Walsh warns against voting for abortion

Senator says ‘barbaric practices’ will be imported if legislation passed

Fianna Fáil Senator Jim Walsh: criticised the Minister for failing to accept amendments. Photograph: Sasko Lazarov/Photocall Ireland

Fianna Fáil Senator Jim Walsh: criticised the Minister for failing to accept amendments. Photograph: Sasko Lazarov/Photocall Ireland


Jim Walsh (FF) has warned his Seanad colleagues that they will be supporting the importation of barbaric practices to kill the unborn if they vote through the abortion legislation today.

“Make no mistake about it, you will be legalising everything that I described at second and committee stages,” he said yesterday. Mr Walsh insisted that the Protection of Life During Pregnancy Bill, which is scheduled to pass its final stages today, would not assist pregnant women in terms of mental illness or suicidal intent.

He said he had described barbaric practices which were tantamount to not only killing the unborn baby but, in fact, torturing it to death. “That is why some of you were disgusted by my comments.”

He had no intention of sanitising his language so that “we will facilitate the passage of horrific practices into our laws in Ireland and legalising what is barbaric”.

Minister for Health James Reilly said he found it regrettable that Mr Walsh had engaged in “dramatic and what some people would describe as an offensive, upsetting description of procedures which do not take place in this country and will not be taking place”.

Ivana Bacik (Lab) said that all Senators should be respectful in the language used. Colm Burke (FG) said he knew from clinics that people listening to the debate were being traumatised.

No parliament watershed
Mr Walsh’s party colleague Marc MacSharry said that regardless of anybody’s view on the issues, parliament did not have a watershed. “People are entitled to points of view.”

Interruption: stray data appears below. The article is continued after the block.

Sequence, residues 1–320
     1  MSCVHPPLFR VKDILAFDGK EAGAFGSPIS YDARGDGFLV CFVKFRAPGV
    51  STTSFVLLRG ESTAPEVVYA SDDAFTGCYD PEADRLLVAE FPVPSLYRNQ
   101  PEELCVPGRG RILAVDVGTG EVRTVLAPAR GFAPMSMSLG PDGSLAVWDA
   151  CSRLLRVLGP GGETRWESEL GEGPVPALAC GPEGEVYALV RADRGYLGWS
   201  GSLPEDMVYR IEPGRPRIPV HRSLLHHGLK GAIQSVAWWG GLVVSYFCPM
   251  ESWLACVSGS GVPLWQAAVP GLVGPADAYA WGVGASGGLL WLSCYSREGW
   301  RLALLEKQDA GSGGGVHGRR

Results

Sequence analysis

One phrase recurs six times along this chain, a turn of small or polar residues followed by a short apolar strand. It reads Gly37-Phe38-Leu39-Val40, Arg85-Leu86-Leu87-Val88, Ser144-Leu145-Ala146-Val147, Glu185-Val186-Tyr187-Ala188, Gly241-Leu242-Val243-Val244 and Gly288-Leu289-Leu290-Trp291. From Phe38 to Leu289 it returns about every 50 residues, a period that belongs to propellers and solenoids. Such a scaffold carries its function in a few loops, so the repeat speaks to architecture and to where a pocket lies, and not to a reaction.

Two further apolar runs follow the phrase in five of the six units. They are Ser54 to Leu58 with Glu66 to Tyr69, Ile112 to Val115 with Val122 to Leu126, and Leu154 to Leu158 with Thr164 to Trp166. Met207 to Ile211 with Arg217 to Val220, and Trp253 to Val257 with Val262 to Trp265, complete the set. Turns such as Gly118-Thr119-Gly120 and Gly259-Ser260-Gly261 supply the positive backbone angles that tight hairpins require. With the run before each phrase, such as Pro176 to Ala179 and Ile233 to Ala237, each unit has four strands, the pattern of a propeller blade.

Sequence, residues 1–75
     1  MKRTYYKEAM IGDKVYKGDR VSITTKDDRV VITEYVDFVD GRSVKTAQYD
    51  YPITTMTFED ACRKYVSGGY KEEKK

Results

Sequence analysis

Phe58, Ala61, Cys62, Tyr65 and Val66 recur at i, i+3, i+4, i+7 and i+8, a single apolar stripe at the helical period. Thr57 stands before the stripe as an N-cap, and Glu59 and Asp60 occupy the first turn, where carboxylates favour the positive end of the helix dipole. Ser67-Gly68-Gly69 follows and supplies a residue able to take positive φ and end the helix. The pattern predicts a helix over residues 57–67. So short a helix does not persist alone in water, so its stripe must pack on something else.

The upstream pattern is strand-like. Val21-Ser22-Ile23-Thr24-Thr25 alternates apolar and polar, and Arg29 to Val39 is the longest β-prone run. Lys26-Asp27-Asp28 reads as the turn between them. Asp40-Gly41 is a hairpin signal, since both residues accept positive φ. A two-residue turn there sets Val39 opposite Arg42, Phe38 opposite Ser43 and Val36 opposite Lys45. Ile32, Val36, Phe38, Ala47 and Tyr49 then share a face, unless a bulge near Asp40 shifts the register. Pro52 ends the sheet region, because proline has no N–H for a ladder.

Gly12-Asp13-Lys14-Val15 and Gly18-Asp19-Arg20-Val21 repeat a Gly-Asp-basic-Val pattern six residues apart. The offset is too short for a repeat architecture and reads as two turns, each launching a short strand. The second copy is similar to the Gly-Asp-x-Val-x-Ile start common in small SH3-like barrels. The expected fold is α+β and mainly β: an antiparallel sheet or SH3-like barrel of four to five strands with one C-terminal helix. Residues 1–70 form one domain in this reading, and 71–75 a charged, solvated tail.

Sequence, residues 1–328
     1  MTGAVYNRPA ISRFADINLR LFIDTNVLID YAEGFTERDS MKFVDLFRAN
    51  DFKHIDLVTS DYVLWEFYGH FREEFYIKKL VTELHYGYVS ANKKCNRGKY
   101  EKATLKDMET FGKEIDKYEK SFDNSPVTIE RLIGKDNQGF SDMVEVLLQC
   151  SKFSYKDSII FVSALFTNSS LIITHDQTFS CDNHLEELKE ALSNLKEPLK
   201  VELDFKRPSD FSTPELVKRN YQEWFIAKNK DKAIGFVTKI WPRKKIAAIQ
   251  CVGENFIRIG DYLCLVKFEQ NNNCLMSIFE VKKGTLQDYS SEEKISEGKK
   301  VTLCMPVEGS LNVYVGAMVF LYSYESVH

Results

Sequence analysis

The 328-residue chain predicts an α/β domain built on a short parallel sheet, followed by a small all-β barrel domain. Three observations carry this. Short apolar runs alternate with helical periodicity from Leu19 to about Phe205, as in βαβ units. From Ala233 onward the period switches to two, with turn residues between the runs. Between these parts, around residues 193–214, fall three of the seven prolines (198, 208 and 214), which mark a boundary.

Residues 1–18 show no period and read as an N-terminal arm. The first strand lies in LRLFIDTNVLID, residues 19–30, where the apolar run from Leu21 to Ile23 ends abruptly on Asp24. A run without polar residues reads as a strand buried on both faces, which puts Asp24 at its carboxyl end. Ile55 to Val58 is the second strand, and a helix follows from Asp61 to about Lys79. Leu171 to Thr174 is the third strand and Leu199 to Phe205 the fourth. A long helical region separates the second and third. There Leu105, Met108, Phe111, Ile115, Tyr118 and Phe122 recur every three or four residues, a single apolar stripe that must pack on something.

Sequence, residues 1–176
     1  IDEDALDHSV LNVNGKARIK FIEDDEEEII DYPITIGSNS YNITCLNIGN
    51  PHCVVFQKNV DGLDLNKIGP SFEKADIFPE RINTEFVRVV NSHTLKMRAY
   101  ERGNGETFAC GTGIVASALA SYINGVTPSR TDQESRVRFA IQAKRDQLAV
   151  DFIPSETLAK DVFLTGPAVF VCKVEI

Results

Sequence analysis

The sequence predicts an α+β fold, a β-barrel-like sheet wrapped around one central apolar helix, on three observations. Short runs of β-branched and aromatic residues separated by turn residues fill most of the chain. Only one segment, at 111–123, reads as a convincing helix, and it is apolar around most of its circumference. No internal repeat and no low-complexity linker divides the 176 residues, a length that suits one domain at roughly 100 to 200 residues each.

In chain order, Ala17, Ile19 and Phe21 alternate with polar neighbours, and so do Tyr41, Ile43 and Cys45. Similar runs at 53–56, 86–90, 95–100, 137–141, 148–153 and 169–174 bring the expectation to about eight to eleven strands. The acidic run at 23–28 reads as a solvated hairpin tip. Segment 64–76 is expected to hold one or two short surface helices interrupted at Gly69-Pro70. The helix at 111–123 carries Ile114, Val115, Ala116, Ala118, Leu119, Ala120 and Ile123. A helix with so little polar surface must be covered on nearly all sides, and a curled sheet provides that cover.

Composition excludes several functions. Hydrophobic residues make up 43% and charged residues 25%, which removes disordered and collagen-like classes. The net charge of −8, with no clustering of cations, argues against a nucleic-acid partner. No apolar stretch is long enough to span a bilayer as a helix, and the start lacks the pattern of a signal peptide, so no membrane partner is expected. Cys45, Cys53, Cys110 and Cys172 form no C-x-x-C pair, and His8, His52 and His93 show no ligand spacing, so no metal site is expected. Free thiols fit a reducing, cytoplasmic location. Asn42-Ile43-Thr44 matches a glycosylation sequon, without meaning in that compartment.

Ronan Mullen (Ind) said there was a profound lack of respect for life in the legislation. Amendments were being put down but the Minister was not interested.

He said Mr Walsh deserved credit for insisting that they were in a parliament. “This is not children’s television,” he added. “It is a parliament and a place where sometimes hard things have to be said.”

Ms Bacik said that remarks made in the House last week did cause offence. “It is not children’s television, but neither is it Fox News,’’ she added. “We are not here to shock.’’

Dr Reilly said the Bill was all about respecting the life of a woman and her unborn child.

Mr Walsh criticised the Minister for failing to accept amendments, including one moved by himself declaring that medical procedures in the Bill were “in accordance with current medical practice in Ireland and circumscribed by regulation”.

He said that while he wanted the amendment accepted, it did not satisfy him on the substance of the Bill because it still meant that unborn babies would be unnecessarily killed under section 9 dealing with suicidal ideation.

Mr Walsh said the Bill defined the abortion procedure as including the prescribing by a medical practitioner of any drug or medical treatment. “It does not say what is excluded because nothing is excluded.”